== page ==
Most cases of infection with either HSV-1 or HSV-2 do not result in serious morbidity. Morbidity and mortality associated with herpes simplex virus are discussed in Complications. Mortality associated with herpes simplex virus is primarily related to perinatal infection, encephalitis, and infection in individuals who are immunocompromised.
At the time of vaginal delivery, the risk of herpes simplex virus transmission from a mother with true primary herpes simplex virus infection to her infant is approximately 50%. Women with primary infections at delivery are 10-30 times more likely than women with a recurrent infection to transmit the virus to their babies. Infants born to mothers with newly acquired infections who do not have primary infections in the presence of preexisting immunity caused by another viral infection (ie, first-episode nonprimary) have a transmission risk of 25-30%.
The neonatal herpes simplex virus infection rate is considered to be less than 2% when the mother has active infection caused by the shedding of herpes simplex virus acquired before pregnancy or during gestation before the onset of labor (recurrent infection). Approximately two thirds of women who acquire genital herpes during pregnancy have no symptoms. Of mothers who deliver an infant with herpes simplex virus infection, 60-80% have no evidence of genital herpes simplex virus infection at the time of delivery and have no history of previous genital infection and have sexual partners with no history. Of babies born to mothers with a primary infection near the time of delivery, 30-50% acquire the infection.
Currently, neonatal herpes simplex virus disease is estimated to occur in approximately 1 per 3000 deliveries in the United States. A recent study determined that herpes simplex virus infection in neonates and infants was associated with substantial morbidity, mortality, and resource use.
Although the risk of herpes simplex virus infection is not related to race, infection rates in the United States vary with race because of various factors, such as racial and ethnic differences in the prevalence of poverty and low socioeconomic status, access to health care, sexual and health-related behavior, and illicit drug use.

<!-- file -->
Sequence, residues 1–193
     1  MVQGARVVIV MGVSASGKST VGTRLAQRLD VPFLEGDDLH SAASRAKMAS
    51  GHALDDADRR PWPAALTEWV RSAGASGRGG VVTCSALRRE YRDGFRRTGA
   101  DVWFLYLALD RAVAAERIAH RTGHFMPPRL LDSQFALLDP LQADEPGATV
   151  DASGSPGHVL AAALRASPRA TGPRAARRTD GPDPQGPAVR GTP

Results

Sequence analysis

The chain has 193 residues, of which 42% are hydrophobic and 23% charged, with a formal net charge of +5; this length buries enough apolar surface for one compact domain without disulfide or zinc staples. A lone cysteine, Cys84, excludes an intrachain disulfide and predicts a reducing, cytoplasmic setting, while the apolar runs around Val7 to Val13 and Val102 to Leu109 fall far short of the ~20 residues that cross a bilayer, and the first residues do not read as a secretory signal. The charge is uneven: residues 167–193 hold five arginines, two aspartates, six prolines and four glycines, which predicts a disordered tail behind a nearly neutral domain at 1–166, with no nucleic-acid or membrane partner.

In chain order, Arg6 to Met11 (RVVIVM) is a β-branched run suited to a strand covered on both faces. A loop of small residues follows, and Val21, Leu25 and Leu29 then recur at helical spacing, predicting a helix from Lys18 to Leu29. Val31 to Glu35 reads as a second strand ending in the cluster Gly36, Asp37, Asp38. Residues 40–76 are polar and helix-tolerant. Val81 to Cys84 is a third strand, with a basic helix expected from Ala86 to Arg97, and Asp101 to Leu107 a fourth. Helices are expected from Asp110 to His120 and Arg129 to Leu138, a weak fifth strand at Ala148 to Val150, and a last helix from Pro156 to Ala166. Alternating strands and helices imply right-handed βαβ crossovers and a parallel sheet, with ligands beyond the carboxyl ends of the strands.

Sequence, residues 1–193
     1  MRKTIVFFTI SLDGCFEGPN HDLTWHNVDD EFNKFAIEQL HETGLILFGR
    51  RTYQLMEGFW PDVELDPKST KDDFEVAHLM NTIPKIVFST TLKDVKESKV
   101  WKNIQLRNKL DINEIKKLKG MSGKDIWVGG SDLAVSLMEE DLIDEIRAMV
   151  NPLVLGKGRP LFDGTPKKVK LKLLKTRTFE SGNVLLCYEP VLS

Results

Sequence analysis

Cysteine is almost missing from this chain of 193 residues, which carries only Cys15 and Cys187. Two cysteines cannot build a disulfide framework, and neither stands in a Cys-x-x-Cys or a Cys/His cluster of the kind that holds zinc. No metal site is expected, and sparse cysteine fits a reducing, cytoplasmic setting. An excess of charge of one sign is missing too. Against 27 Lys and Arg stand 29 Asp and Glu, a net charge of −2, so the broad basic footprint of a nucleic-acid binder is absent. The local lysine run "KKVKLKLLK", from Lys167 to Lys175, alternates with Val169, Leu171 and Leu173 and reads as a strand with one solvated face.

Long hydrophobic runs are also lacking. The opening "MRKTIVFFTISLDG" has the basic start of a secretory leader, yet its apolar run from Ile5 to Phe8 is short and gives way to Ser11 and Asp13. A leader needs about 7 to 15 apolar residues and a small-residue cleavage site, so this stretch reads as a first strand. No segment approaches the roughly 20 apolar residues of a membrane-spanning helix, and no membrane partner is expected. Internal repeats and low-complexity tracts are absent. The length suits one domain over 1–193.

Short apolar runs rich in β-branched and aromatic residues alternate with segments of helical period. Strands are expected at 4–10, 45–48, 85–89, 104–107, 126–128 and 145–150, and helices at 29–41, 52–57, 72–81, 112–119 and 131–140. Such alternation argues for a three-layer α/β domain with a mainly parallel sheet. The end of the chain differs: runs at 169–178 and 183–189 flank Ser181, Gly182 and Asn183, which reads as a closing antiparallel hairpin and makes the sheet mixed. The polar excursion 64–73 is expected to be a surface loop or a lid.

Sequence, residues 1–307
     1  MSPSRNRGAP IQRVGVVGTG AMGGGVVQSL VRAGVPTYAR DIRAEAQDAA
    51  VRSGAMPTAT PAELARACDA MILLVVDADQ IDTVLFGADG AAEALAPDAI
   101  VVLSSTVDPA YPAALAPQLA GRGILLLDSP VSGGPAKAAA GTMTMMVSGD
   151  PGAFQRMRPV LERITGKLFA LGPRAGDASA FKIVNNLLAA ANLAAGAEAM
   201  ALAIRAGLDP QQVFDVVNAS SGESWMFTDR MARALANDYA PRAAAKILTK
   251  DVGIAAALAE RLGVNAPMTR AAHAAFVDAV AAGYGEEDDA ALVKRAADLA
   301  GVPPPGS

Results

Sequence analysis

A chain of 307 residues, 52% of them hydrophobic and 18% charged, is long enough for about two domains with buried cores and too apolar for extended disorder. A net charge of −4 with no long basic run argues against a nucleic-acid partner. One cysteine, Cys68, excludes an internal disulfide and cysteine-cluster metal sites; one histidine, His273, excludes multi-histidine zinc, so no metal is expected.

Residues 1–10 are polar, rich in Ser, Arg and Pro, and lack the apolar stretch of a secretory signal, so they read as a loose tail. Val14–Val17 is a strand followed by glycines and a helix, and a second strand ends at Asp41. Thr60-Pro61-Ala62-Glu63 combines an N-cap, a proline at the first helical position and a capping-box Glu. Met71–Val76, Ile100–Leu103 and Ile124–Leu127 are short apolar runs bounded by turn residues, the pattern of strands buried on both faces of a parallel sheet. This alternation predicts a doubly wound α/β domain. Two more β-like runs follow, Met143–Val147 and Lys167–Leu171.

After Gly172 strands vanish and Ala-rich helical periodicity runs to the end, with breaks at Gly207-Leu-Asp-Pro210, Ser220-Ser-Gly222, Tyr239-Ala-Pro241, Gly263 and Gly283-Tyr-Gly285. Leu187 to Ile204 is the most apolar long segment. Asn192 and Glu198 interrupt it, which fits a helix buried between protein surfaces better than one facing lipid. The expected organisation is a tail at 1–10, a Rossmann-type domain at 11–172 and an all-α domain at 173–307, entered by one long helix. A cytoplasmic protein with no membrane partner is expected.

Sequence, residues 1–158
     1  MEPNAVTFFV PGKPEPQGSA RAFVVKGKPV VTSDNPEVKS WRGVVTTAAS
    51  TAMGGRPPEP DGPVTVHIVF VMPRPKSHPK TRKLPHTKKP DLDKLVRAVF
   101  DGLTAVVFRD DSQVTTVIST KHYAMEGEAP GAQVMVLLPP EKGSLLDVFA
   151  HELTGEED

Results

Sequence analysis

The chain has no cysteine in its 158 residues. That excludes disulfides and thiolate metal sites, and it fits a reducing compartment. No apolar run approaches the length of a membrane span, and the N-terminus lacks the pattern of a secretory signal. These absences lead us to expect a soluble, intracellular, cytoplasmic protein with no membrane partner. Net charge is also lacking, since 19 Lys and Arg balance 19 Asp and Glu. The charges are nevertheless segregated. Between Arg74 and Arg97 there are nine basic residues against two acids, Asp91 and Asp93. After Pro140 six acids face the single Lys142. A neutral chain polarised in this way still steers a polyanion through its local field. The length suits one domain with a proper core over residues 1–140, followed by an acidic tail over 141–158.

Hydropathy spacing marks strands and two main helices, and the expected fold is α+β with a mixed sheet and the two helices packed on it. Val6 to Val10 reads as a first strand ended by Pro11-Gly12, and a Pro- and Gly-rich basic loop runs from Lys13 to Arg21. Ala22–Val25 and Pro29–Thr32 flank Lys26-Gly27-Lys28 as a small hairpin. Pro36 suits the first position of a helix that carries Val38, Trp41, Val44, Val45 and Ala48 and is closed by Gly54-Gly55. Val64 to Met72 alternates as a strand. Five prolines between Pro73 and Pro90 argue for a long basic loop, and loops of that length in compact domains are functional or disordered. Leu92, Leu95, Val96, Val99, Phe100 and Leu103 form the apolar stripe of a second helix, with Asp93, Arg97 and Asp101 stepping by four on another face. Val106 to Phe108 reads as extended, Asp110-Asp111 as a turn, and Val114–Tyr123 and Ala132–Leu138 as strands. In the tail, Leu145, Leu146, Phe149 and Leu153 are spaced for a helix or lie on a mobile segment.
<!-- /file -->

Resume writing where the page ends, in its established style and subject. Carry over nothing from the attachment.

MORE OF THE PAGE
By age 5 years, more than 35% of black children are infected with HSV-1 compared with 18% of white children. Through adolescence, the prevalence of antibodies to HSV-1 in blacks is approximately twice the rate among whites. By age 40 years, HSV-1 seroprevalence is similar among blacks and whites. The prevalence of HSV-2 antibodies among blacks is 3-4 times higher than that among whites.
Seroprevalence among women of childbearing age in the late 1970s was estimated to be 50% for blacks and 20% for whites. By the late 1980s, rates of infection had increased to approximately 60% for blacks and 35% for whites. As shown in 2 nationwide surveys of HSV-2 seroprevalence in the last 2 decades, the cumulative lifetime incidence of HSV-2 reaches 25% in white women, 20% in white men, 80% in black women, and 60% in black men.23 Studies have indicated that the seroprevalence of HSV-2 among Hispanics ranges from 17-22.3%. Infants born to non-Hispanic white women may be at higher risk of herpes simplex virus infections. This is a result of a greater likelihood that these women are herpes simplex virus seronegative and at risk of acquiring a primary HSV-1 or HSV-2 infection in late pregnancy.
Infection rates with HSV-1 tend to be similar in both genders during early childhood. However, through adolescence, the prevalence of antibodies to HSV-1 is slightly higher among females than among males. Rates of HSV-2 infection are higher in women than in men.24 Nationwide surveys of HSV-2 seroprevalence over the last 2 decades have demonstrated cumulative lifetime incidences of 25% in white women and 80% in black women. This compares with rates of 20% in white men and 60% in black men.
Beyond the neonatal period, most childhood herpes simplex virus infections are caused by HSV-1. The seroprevalence of HSV-1 antibodies increases with age, and its rate is 20% by age 5 years. No increase occurs until 20-40 years of age, when 40-60% of individuals are HSV-1 seropositive. As a reflection of the association between infection and sexual activity, many HSV-2 infections occur around puberty and early adolescence. A progressive increase in HSV-2 infections occurs in all populations beginning in adolescence.24 In the United States, HSV-2 seroprevalence increases from approximately 20-30% in those aged 15-29 years to 35-60% in those aged 60 years. Most neonatal infections are caused by HSV-2, but increasing proportions are being caused by HSV-1.2,